Submitted by Dorothea Lagrange

I am a practicing physician in Sweden, where I have lived for many years. Often, I travel back to my home country of Germany and during my travels I enjoy looking at postcards. Most are quite funny, but sometimes beyond the humor is a message more profound. My favorites involve problem solving. Take for example these three:

Wenn das die Lösung ist, will ich mein Problem zurück!

If this is the solution, I want my problem back!

Ich habe keine Lösung, aber ich bewundere das Problem.

I don‘t have a solution, but I admire the problem.

Ich habe eine Lösung, aber sie passt nicht zum Problem.

I have a solution, but it doesn‘t fit to the problem.

This last postcard reminded me of my own experiences of care where the solutions people came up with did not fit the problem I was facing.

Some years ago I had an operation to my thyroid gland. Despite the surgeon’s confidence that he avoided damage to the laryngeal nerve, I experienced several complications. I could not talk above a whisper, I could not speak for long periods of time, I couldn’t even walk and talk at the same time. On top of all that, I would get breathless with even the slighest exertion and I had difficulty drinking without the fluid going down the wrong way!

I was devastated! Unfortunately, my well-meaning friends did not always help; their solutions did not fit the problem I was experiencing.

Some talked louder – but there was nothing wrong with my hearing.

Some talked in simple sentences – but my brain was still working alright.

And someone even switched into English. I am aware of my accent – but that didn’t get any worse, and normally my Swedish works just fine.

Thus, with the best of intentions, all these people had spontaneously come up with solutions without analyzing the problem first, and that can hurt.

It hurt because they did not see me as I am, someone with a well functioning brain, who could speak Swedish and hear just fine. Their assumptions about me distanced me from them and made me feel as Susan Sontag once said as part of the „kingdom of the sick“. Luckily, I recovered fully and I am now able to work as a GP. However, my experience with illness  taught me about the importance of listening. Even if it is a few extra seconds, the extra time spent determining the problem before jumping to a solution is invaluable.  In everyday consultations, our diagnostic thinking and our intention to find solutions starts directly with the patients’ first words. Physicians on average, interrupt patients within seconds as they rush to find a solution. We should let the patients tell their story. This is not only respectful, but may also help us diagnose the real problem facing the patient. As William Osler is purported to have said „ Listen to your patient; he is telling you the diagnosis“. Additionally, we have to see the patient as a whole person with the illness being only a limited part of him or her – and that part needs to be defined before suggesting or trying out solutions.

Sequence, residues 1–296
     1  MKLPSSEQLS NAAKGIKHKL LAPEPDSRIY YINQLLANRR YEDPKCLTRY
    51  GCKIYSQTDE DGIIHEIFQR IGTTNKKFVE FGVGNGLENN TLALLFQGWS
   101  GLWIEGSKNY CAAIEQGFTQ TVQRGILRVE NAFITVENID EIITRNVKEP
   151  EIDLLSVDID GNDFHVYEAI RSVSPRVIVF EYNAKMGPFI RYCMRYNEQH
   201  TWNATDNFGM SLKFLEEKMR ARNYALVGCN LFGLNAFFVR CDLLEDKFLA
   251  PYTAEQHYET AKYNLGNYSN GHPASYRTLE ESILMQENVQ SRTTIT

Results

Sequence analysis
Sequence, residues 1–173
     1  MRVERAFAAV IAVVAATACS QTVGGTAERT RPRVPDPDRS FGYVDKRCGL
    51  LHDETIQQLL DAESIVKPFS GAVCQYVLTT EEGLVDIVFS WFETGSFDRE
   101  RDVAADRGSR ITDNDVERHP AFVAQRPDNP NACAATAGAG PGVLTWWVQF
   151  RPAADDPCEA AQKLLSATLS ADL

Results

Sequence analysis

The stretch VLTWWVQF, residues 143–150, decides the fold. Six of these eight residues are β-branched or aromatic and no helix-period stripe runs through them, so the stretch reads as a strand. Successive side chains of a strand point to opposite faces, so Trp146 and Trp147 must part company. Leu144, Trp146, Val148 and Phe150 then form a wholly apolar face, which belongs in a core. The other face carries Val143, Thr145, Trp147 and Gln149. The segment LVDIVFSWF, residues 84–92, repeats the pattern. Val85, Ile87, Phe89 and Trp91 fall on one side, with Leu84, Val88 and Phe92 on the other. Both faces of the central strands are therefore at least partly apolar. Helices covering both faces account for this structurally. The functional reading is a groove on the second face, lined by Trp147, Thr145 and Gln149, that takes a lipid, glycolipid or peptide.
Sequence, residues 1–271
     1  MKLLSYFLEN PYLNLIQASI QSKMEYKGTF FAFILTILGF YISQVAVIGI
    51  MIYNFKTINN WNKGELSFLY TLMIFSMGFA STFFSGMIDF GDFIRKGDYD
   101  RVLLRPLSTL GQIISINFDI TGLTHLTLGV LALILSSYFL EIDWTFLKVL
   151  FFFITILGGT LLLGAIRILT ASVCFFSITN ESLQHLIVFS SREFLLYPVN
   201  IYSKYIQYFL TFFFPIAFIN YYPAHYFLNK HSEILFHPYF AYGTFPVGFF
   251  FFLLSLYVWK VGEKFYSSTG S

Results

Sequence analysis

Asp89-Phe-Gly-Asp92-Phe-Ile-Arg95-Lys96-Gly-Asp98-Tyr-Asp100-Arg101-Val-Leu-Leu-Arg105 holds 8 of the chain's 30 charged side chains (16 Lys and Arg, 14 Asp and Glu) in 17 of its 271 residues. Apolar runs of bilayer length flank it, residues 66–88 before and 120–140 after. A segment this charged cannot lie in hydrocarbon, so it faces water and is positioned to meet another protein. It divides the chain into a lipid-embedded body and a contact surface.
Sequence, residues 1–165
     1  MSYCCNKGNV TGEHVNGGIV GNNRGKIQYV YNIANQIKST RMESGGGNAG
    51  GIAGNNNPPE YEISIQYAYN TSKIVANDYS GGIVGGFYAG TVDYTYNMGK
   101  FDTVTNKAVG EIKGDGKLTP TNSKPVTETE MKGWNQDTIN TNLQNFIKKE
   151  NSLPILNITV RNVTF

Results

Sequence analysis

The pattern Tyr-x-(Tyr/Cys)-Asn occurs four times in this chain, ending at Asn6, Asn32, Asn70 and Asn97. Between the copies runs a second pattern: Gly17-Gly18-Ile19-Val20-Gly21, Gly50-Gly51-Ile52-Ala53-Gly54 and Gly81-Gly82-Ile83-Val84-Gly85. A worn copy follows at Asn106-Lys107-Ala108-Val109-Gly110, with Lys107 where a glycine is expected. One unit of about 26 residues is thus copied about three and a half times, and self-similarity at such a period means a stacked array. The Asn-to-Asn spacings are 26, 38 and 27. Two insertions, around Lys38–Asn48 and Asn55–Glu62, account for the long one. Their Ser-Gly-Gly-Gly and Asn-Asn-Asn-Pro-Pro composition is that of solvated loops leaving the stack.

My name is Dorothea Lagrange. I was born and raised in  Germany and that is where I trained and began my medical  career. After taking a long time off to start a family, I got back into medicine and I currently work as a general practitioner in Sweden. I love my work and I work with fantastic colleagues and wonderful patients with diverse backgrounds. In addition to being a physician I am also a mother, relative, friend, and a patient myself – all roles which give me different views of medicine and health.

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